The decision is the least bad one because anyone who heard the ICJ President reading the decision could clearly perceive that the ICJ adopted South Africa’s narrative. The focus was primarily on the harm caused by Israel to the Gaza population and the problematic expressions of different Israeli politicians. Beyond a few words about the events of October 7th, there was no real acknowledgment of Hamas’s role in the harm caused in Gaza and the ongoing threat the terrorist organization poses to Israel.

As I have noted before, one cannot underestimate the damage caused to the country by the outrageous statements of politicians, commentators, public figures, and soldiers. The ICJ made it clear that these statements played a significant role in the decision to grant provisional measures because these statements help establish the possibility of genocide based on the notion of “intent.” Even Judge Barak, who dissented regarding the majority of the measures, joined the majority opinion regarding the measure requiring Israel to prevent and address expressions that could incite genocide. I hope Israeli politicians will grasp the significant implications of these statements and internalize them without the need for intervention by the attorney general or hiding behind their parliamentary immunity.

One of the interesting and challenging measures in practical terms is the measure requiring Israel to provide humanitarian aid to Gaza. Israel already provides humanitarian aid, but according to all indicators published by UN experts and humanitarian organizations, the amount of aid is insufficient to cope with the humanitarian disaster unfolding in the Gaza Strip. Since the ICJ’s decision yesterday relied heavily on statements and reports from official UN sources, it is important that Israel acknowledge this reality and avoid claiming that the humanitarian aid currently provided is sufficient.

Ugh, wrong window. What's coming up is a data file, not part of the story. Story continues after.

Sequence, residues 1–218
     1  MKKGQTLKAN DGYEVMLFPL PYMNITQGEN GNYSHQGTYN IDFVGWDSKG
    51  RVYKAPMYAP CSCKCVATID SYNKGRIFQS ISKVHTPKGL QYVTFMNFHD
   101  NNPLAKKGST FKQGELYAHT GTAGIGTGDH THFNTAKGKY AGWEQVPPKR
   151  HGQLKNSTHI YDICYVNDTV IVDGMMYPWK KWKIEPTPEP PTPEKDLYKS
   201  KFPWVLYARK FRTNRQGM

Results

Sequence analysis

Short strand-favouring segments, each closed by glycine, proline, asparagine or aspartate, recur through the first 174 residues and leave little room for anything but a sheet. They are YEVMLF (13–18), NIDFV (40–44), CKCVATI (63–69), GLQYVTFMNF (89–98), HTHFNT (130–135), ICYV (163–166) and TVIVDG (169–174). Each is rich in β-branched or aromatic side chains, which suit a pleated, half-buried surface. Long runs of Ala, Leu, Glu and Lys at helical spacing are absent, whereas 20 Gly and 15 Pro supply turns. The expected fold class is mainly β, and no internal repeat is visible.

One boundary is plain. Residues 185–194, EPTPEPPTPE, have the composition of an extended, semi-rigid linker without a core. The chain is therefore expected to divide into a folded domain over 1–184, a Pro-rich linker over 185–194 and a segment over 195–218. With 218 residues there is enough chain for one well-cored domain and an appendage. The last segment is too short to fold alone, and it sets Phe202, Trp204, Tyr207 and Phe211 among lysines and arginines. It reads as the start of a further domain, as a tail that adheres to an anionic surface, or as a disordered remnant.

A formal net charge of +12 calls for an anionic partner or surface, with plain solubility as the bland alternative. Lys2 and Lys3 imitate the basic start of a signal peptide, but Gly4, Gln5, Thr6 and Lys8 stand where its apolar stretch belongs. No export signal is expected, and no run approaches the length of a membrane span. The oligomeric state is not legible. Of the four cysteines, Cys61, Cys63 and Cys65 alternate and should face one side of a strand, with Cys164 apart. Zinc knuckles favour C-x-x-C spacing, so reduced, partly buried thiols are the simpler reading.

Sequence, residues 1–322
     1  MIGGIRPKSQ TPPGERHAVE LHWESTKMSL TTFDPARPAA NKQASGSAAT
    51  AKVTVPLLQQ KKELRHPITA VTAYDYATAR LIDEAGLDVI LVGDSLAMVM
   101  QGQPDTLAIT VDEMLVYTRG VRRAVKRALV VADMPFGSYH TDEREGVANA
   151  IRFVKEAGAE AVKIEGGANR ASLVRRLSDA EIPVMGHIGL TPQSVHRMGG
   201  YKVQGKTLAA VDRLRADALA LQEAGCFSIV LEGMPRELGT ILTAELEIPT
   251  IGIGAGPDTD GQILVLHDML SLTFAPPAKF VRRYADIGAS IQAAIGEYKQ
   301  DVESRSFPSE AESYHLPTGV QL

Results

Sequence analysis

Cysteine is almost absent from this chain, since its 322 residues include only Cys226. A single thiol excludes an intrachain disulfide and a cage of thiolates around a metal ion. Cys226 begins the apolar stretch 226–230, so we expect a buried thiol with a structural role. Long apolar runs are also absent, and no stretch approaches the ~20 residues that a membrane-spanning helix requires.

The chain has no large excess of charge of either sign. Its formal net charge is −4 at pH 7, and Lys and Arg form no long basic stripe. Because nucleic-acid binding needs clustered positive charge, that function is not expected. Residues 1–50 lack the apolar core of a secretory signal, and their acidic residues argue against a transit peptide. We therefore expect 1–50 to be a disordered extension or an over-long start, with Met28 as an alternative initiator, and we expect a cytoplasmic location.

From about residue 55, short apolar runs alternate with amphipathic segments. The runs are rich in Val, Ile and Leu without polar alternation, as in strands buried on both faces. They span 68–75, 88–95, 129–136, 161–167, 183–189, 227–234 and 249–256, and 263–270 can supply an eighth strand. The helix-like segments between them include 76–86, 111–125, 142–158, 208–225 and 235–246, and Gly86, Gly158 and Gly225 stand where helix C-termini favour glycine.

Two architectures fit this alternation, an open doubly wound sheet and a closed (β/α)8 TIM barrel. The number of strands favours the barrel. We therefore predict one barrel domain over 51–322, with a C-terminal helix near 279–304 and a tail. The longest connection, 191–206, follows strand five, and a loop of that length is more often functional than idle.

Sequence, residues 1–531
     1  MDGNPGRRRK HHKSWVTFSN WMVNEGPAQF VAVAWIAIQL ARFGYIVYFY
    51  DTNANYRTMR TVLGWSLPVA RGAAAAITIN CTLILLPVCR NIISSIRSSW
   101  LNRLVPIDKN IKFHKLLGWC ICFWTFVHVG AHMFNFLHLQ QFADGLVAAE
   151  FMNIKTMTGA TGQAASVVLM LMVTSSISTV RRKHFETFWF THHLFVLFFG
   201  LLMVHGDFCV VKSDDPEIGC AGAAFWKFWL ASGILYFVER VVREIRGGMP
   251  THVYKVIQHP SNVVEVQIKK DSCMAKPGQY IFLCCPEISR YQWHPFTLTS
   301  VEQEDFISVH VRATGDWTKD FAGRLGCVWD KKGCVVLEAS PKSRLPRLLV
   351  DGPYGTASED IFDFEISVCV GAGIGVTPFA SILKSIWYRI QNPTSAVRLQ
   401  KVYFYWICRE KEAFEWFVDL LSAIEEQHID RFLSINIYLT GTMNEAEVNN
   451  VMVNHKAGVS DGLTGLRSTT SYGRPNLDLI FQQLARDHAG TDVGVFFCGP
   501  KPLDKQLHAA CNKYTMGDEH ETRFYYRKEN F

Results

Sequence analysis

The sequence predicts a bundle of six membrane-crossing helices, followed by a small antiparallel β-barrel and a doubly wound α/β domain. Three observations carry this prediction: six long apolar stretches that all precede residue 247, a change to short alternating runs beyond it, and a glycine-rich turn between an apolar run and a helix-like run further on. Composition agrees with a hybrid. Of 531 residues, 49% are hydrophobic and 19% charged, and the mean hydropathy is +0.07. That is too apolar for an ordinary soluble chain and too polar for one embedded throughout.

Israel needs to make efforts to increase humanitarian aid effectively to reduce the harm to the uninvolved civilian population and deal with protests against such humanitarian aid entering Gaza. At the same time, it is unclear who will oversee the aid and ensure that the quantities are sufficient and reach their destination without being seized by Hamas for its fighters’ use. I believe and expect that Israel will collaborate effectively with these UN entities to ensure that humanitarian aid not only enters but is also distributed effectively, but it should also be clarified that the primary responsibility for effective distribution lies first and foremost with the de facto authority in Gaza – Hamas.

In conclusion, it is important to mention that beyond the deferral of particularly problematic measures (such as the cessation of hostilities), one of the significant achievements of the decision is the unequivocal statement by the ICJ regarding the imperative to release the hostages immediately and unconditionally. The fact that the judges chose to conclude their decision with that statement creates symmetry with the opening events of October 7th and underscores the urgency of prioritizing the release of all hostages.

About the Author
Dr. Ido Rosenzweig is the co-founder and chairman of ALMA - Association for the Promotion of International Humanitarian Law, and the Director of Research (Terrorism, Belligerency, and cyber) at the Minerva Center for the Rule of Law under Extreme Conditions in the University of Haifa [Photo by Flash90]